For Neanderthals and mental midgets on the U. S. Supreme Court like Antonin Scalia and Clarence Thomas, respectively, public opinion and concerns about how they will be viewed by posterity seems to mean nothing. Scalia will champion his own bigoted religious and racial views and Thomas can be relied upon to act like an "Uncle Tom" and grovel to the will of his white Christianist masters. But some on the Court, Anthony Kennedy in particular and possibly even John Roberts, may be concerned about how their ruling will stand over time, especially given the rapid changes in public support for gay marriage. Do they really want to join in a opinion that future generations will view as backwards and bigoted? A piece in the Los Angeles Times speculates on this issue. Here are excerpts:
WASHINGTON — Public opinion on marriage for gay and lesbian couples has shifted with almost unprecedented speed since California voters banned such unions in 2008.
That shift could influence the Supreme Court, in particular Justice Anthony M. Kennedy and possibly Chief Justice John G. Roberts Jr., as it decides whether to uphold Proposition 8 in coming months.
Throughout his long career, Kennedy has been willing to make major changes in the law on issues including the death penalty, gun rights and gay rights. Kennedy has been a strong, steady proponent of constitutional principles such as free speech, individual liberty and limits on government power.
"Among all the justices, he is most concerned about public opinion," New York University law professor Barry Friedman said of Kennedy. "The more there is a groundswell of support for gay marriage, the more it is likely he will vote to support it."
In California, public opinion clearly has shifted since Proposition 8 passed in 2008 and banned same-sex marriage. A Field Poll survey released this week showed that California voters, by a nearly 2-1 margin, now approve of allowing same-sex couples to marry, a finding in line with states that legalized gay marriage in November's election.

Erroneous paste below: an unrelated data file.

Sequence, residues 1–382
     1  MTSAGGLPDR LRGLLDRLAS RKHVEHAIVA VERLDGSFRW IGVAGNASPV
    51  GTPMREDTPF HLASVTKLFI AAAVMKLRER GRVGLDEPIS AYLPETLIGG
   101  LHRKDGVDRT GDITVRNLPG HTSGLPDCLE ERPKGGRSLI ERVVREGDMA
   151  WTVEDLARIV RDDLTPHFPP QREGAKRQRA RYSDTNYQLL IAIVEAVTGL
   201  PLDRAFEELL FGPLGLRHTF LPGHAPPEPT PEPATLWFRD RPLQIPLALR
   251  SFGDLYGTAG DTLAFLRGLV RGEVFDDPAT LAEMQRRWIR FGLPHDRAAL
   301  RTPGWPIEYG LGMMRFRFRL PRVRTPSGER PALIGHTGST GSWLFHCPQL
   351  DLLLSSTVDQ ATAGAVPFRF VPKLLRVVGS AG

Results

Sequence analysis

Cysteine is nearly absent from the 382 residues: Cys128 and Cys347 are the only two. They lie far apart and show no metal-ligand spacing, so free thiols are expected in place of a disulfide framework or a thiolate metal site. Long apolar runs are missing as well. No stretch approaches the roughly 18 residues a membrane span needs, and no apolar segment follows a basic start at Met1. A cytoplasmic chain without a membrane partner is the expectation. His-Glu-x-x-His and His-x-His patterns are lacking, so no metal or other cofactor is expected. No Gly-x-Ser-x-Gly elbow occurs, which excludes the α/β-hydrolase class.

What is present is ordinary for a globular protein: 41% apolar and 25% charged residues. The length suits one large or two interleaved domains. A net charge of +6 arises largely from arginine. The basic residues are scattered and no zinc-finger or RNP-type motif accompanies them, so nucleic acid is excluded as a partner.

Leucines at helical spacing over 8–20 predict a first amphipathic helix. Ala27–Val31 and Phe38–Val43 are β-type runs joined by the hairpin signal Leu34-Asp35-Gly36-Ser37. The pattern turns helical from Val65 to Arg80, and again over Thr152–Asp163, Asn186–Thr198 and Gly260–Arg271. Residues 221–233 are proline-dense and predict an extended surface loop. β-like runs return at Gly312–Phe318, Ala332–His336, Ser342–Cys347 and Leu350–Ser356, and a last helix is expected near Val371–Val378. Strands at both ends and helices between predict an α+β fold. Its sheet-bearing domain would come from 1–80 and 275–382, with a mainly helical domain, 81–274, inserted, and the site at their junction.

Verrilli's brief filed Thursday applied that same approach in the Proposition 8 case. It argues that because California and seven other states — Delaware, Hawaii, Illinois, Nevada, New Jersey, Oregon and Rhode Island — already have given gay couples full legal rights, there is no justification for denying them a right to marry. This is what some lawyers have dubbed the "eight-state solution."
If the court were to adopt a version of the eight-state solution, it would allow most states to decide for themselves, as Pugno advocates — at least for now. But it is also true that if the justices decided discrimination against gays violates the Constitution's guarantee of equal protection of the laws, that same argument eventually could be used to invalidate the remaining state laws against same-sex marriage. The justices might be particularly willing to do so if the majority of states already had acted.
In 1967, the Supreme Court ruled that laws barring mixed-race couples from marriage violated the Constitution. By then, only 16 states still had such laws on their books.
Obviously, I continue to hope for a broad nationwide ruling on marriage because without it, here in Virginia gay marriage will be a long time in coming- - or at not until the power of The Family Foundation over the Republican Party of Virginia is broken.